Later, it was the departure route whenever my father drove me to National Airport to fly to college in Boston. My father, a pilot, television news director, documentary producer and world class substance abuser, had an Irish gift of gab and charm that made you feel like you were the luckiest and most important person in the world to be in a car with him. Each and every airport ride was a literal life launch -- he made me feel invincible, gifted and completely capable of conquering the world.
During college summers and again after I graduated I worked at WRC-TV and later NBC News on Nebraska Avenue -- I worked every shift imaginable -- 8 a.m. to 4, 4 to midnight, midnight to 8 a.m. -- and stuck with my Reno Rd route even when I wasn't living at home anymore in Chevy Chase but moved to various sketchy third floor bedrooms in group houses in Georgetown. I remember one night being so sleep-deprived that I went for blocks in the wrong direction to get home -- the problem with extreme familiarity is that you stop noticing where you are.
At NBC I fell in love with John Palmer, the handsomest man in the bureau. I remember he invited me to the White House Correspondents dinner and so I made the left off Reno at Jenifer to get to Lord & Taylor and for the first time in my life spent over $100 on a dress. And when we were married at St. Albans church in 1982 of course rode in the limo down Reno to the reception in Chevy Chase... later that same year, we were making the turn onto Reno from downtown when I felt our first baby girl kick for the first time -- 27 years later we rarely fail to note the moment as we come around that corner.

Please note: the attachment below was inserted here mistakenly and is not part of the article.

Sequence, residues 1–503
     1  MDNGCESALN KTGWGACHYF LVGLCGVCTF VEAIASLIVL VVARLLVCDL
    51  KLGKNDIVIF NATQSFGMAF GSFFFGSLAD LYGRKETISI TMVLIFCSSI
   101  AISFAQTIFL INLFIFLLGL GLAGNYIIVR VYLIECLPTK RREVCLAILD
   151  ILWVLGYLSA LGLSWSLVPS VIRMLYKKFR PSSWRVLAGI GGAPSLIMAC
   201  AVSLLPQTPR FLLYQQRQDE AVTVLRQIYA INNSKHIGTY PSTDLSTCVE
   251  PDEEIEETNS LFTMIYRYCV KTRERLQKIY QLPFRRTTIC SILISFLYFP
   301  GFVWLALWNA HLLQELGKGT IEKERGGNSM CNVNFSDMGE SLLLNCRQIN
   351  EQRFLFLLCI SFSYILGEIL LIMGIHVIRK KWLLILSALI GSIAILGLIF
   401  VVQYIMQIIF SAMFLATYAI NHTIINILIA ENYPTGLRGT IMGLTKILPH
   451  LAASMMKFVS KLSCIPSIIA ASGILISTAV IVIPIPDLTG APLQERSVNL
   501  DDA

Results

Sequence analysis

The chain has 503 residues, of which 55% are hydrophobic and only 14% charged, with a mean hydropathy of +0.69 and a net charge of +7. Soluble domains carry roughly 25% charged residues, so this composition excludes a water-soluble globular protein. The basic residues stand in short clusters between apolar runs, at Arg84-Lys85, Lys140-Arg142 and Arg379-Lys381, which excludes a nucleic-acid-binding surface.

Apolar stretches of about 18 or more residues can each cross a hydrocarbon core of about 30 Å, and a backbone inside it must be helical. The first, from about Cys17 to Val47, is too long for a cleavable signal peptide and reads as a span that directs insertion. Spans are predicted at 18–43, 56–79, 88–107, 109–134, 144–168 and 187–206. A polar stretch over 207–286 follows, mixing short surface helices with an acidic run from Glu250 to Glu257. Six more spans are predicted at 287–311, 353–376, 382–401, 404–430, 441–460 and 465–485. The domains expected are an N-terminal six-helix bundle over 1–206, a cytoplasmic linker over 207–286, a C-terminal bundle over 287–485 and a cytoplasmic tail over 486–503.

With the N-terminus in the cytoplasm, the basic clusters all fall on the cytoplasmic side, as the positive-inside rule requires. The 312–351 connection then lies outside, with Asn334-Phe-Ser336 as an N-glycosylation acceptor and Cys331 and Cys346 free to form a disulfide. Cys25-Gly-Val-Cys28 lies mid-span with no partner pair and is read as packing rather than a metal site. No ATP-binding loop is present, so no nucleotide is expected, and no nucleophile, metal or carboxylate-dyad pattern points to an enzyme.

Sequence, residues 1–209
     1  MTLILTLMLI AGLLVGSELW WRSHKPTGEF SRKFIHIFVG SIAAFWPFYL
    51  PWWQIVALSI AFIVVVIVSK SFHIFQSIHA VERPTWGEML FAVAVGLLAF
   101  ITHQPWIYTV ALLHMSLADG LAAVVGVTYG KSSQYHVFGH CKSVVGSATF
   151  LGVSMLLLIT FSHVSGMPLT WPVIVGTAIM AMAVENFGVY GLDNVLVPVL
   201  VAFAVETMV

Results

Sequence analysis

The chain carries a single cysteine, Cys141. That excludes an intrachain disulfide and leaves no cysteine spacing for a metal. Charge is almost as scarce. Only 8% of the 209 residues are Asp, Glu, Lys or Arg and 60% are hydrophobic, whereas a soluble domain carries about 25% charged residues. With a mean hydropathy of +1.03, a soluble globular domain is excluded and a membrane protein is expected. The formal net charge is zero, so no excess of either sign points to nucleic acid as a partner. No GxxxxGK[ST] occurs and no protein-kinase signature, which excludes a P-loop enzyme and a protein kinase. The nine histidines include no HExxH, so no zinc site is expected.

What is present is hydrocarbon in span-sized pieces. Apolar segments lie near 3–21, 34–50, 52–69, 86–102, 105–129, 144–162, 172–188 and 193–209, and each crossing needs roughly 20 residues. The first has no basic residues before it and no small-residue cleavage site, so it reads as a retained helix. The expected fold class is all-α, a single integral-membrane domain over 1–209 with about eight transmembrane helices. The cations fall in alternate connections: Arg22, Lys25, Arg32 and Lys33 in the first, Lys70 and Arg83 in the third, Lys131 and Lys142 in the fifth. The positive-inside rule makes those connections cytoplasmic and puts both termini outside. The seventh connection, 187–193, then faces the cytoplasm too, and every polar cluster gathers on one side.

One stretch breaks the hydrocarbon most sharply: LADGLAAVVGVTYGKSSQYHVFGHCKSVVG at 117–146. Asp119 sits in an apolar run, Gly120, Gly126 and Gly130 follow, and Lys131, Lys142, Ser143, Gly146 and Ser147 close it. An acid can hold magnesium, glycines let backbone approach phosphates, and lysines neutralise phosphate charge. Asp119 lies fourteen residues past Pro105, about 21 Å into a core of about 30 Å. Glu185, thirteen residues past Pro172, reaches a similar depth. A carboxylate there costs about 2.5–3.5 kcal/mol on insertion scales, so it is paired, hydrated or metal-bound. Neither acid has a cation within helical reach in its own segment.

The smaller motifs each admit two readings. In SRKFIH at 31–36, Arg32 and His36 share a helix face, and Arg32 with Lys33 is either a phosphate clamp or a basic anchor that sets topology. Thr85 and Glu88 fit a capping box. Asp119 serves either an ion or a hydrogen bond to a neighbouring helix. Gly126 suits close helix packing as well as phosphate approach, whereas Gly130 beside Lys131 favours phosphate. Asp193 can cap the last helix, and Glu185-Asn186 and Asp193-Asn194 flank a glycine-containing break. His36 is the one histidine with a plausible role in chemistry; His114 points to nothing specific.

We moved to New York and lived there for nine years and had two more little girls. I often found myself reciting the streets on Reno to help fall asleep and also to keep some vague homesickness for my hometown alive. First the three syllable names in alphabetic order: Albemarle, Brandywine, Chesapeake, then the two: Newark, Ordway, Porter... It works.
We returned to Washington some 15 years ago and happily found a house just a few blocks away off Tilden Street. It became a school route once again as I ferried a carpool sometimes numbering 11 kids to St. Patrick's and then Maret. I know every shortcut. Every one.